Mark Twain on the Lecture Circuit, by Paul Fatout
(Indiana University Press, Bloomington)

Reviewed by Mary Griffin

Paul Fatout's Mark Twain on the Lecture Circuit, gives a thorough biographical account of Sam Clemens's development of the Mark Twain persona as a lecturer and international celebrity, detailing individual lectures and experiences throughout his career. Beginning with his first lecture in 1866, chronicled in Roughing It, Twain continued to tour intermittently for the next forty-three years as a lecturer and dinner speaker. Fatout describes Twain's lecture topics, speaking style, reviews, and life on tour throughout this period in his book. Chronologically tracing Twain's public career, Fatout gives insight into the Mark Twain image, as well as Clemens's personal life, while allowing for the ambiguity between the two personas.

This account is a relevant accompaniment to The Autobiography of Mark Twain, as it parallels many of the writer's own anecdotes, while attempting to remove Twain's dubious slant by comparing his own statements with historical records and commentaries. Fatout juxtaposes personal and professional reviews of Twain's lectures with the speaker's own reaction to his audiences, creating an interesting study of the reciprocal relationship between Twain and his fans. This relationship, Fatout explains, often inspired Twain's writing and lecture topics, citing for example Twain's novel Following the Equator, as an account of an international tour. Fatout also describes Twain's tendency to fabricate stories about his lectures, as with other aspects of his life, such as the sketch "A Wicked Fraud," which details Twain's attempts to humor an audience member who he later learns is deaf, dumb and blind.

A repeated theme in the book is Clemens's contradictory attitude toward the lecture circuit and life on tour. Throughout his career, Clemens continually vowed never to lecture again, only to begin another tour or dinner series shortly thereafter, often citing money as his motivation. Fatout describes Clemens's distaste for life on tour, while also explaining his love of the spotlight, summing up these feelings with Twain's confession, "an hour upon the stage was worth many aimless hours preliminary to it" (186). According to Fatout, many of Clemens's doubts about the lecture tour seemed to stem from his struggle to maintain a family life while traveling, as Fatout often cites family influences as the motivations for Clemens's touring hiatuses.

Similarly, Fatout also highlights Twain's contradicting views in regards to money. Ironically, Clemens commonly claimed financial trouble as his motivation for lecturing, although he spent exorbitant amounts on the finest accommodations while on tour, sometimes barely breaking even after a circuit. Fatout frequently notes the varying profits from individual lectures, a point which Clemens obsessed over and even discussed on stage. This play between Clemens's contradicting remarks and actions regarding his career is largely covered in the book. Because such ambiguity surrounds the Twain character as an extension of Clemens's true personality, it is often difficult to distinguish between Twain's contrived commentary and Clemens's true thoughts, particularly when discussing the lecture circuit of the public persona in relation to its effects on the private man.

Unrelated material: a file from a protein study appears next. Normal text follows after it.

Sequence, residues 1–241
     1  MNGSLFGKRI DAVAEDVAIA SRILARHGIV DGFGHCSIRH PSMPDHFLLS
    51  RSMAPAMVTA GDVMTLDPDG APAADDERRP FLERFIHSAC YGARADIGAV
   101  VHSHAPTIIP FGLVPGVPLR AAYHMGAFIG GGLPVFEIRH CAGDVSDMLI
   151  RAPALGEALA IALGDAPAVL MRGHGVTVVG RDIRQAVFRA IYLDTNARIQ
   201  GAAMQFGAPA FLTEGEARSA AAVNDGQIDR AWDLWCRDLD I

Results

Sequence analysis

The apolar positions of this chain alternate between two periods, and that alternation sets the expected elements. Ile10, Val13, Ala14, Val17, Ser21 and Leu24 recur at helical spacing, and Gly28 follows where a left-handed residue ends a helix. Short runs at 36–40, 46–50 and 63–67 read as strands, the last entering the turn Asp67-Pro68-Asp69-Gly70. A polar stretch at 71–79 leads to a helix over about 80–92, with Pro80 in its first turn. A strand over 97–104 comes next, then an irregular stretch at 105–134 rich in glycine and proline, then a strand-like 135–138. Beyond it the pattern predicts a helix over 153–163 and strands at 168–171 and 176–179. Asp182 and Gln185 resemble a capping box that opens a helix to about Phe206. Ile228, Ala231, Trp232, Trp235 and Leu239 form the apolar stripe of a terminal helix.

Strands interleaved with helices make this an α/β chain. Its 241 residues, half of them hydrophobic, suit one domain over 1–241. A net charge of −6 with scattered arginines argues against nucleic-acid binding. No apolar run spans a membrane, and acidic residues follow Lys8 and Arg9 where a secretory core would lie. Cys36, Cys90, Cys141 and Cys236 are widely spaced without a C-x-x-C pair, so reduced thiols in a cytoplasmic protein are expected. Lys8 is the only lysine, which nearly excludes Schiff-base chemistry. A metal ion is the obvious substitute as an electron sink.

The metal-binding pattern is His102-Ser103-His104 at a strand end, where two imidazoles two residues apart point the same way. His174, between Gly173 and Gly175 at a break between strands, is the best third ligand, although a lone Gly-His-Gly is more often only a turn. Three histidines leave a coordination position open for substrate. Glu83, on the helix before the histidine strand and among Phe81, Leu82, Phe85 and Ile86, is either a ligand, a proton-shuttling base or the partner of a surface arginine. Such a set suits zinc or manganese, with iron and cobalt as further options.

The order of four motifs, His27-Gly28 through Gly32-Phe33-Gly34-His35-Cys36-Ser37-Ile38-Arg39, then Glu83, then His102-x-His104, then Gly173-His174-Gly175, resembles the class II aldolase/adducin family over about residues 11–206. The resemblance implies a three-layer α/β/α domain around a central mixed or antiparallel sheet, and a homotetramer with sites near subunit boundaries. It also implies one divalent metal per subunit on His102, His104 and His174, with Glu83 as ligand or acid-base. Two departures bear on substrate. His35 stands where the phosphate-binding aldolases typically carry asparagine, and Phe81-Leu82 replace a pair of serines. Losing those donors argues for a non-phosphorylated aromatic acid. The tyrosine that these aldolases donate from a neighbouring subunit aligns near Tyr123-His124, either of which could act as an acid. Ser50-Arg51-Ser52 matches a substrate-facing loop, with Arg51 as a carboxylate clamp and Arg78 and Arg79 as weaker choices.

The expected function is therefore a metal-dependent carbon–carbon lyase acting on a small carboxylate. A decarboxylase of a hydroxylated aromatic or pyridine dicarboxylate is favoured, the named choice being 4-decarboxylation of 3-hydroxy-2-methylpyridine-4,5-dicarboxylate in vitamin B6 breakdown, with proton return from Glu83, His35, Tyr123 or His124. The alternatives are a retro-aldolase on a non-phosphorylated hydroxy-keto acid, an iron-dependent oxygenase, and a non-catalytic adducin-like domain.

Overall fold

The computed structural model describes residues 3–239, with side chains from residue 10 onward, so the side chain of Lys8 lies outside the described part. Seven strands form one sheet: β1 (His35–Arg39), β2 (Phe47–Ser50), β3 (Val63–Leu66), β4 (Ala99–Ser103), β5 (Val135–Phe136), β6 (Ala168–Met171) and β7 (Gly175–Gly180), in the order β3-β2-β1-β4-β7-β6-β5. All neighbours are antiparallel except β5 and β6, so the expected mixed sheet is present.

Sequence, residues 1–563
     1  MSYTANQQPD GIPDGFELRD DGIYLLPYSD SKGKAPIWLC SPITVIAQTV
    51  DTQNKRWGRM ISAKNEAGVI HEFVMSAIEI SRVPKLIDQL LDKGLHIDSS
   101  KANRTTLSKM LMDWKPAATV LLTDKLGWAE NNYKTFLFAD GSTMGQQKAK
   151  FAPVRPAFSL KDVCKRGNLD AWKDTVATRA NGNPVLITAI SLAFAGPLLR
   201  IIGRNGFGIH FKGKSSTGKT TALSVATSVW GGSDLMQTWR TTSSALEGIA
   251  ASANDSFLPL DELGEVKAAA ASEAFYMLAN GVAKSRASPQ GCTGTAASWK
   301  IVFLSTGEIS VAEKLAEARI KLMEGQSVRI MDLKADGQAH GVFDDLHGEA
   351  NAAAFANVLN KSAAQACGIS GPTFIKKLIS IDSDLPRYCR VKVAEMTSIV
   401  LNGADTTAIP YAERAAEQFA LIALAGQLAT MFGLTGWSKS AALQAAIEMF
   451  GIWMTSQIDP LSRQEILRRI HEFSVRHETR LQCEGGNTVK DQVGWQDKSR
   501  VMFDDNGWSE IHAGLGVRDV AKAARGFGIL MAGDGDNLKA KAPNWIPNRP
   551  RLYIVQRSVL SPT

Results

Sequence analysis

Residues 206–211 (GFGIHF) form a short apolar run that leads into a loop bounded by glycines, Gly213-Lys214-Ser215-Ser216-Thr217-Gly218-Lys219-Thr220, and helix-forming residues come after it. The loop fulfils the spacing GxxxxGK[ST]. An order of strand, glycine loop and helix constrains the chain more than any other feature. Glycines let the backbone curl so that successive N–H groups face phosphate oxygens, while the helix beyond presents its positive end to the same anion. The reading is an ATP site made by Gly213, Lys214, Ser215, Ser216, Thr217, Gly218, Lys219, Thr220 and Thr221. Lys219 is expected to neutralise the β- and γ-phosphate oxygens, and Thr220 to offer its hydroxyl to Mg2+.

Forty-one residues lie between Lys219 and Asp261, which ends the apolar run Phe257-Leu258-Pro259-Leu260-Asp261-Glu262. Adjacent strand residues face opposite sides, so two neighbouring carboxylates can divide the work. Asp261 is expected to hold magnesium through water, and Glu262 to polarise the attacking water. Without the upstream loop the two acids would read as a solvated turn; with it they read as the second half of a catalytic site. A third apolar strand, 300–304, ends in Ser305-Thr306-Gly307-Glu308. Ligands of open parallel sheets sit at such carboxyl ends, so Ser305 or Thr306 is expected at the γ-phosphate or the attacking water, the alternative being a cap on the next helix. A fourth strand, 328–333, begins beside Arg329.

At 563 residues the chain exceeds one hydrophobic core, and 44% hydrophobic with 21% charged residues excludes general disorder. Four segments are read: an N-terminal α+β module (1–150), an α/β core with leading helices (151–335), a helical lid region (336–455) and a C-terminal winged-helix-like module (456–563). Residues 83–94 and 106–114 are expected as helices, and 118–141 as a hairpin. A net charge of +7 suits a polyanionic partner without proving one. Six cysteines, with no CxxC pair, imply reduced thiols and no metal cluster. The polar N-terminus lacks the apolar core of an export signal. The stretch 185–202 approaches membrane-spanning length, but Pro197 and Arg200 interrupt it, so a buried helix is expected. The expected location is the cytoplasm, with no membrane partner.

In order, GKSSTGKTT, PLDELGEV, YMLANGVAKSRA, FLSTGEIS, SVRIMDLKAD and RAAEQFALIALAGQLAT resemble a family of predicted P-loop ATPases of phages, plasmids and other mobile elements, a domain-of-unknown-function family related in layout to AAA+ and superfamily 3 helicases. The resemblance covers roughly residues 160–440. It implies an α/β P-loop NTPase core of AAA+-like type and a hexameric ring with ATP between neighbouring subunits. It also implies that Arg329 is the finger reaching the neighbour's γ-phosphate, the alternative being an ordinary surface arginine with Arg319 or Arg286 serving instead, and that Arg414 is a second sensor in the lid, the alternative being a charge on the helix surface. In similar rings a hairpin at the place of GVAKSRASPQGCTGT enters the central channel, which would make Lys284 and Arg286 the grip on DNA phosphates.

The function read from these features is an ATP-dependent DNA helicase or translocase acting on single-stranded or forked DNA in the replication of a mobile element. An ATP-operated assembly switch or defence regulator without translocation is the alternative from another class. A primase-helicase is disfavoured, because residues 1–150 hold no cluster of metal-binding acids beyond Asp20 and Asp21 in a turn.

Another complication addressed by Fatout is the lack of relevant primary sources in establishing a true impression of Twain's lecture style. While many of Twain's anecdotes and commentaries are well known, the shortage of complete transcripts, as well as Twain's constant improvisation and revision of his lectures, leaves a vague impression of what an actual lecture would be like. While the many reviews, both personal and professional shed some light on this issue, Twain himself calls some of these reviews libelous, and often cites his audience's inability to perceive irony and wit as the explanation for negative critiques. It also seems that critics sometimes gave superfluous praise in attempts to appear cultured. Throughout the book, Fatout provides examples of public reactions to Twain's lectures, and discusses their validity. This commentary, along with quotes and tales from Twain's actual lectures and writing, develop a decent impression of a Twain lecture, however there is still ambiguity as to exactly what it would be like to be in attendance. Part of this problem is also due to the lack of any audio recordings of Twain's voice, although Fatout makes a concerted effort to describe his drawl based on comments by both Twain and his audiences.

Despite the difficulties of thoroughly depicting the life and lectures of Sam Clemens as Mark Twain, Fatout takes a thorough stab at it, giving as many details and anecdotes as possible, sometimes to the point of excess. While the richness of Fatout's account may be overly extensive for class purposes, this book could be the best impression one could get of Twain's lecturing career and style. While an impersonator could give a representation of Twain's stage presence, since the only records of Twain's voice and demeanor are written, this book would be more accurate, albeit less entertaining than someone's interpretation of these descriptions. Its parallels with Twain's autobiography, as well as anecdotes from many of his travel narratives and novels create an interesting juxtaposition between Twain's accounts, and the reality behind these well known stories.